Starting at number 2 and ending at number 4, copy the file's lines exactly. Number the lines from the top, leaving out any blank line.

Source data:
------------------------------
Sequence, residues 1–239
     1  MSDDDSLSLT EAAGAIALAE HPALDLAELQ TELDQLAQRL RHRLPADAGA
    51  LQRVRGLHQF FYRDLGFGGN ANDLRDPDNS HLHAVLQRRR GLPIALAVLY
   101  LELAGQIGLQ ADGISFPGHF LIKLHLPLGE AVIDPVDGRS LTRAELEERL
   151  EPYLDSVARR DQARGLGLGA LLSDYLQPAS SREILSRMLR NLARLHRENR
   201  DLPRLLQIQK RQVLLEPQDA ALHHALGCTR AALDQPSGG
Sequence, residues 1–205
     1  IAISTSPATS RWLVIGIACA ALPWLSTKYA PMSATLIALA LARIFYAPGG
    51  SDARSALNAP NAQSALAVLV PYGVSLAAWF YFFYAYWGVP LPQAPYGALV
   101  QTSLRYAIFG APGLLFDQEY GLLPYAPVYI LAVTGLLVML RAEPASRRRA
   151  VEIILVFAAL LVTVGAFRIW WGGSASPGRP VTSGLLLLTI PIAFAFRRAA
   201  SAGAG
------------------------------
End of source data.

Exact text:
     1  MSDDDSLSLT EAAGAIALAE HPALDLAELQ TELDQLAQRL RHRLPADAGA
    51  LQRVRGLHQF FYRDLGFGGN ANDLRDPDNS HLHAVLQRRR GLPIALAVLY
   101  LELAGQIGLQ ADGISFPGHF LIKLHLPLGE AVIDPVDGRS LTRAELEERL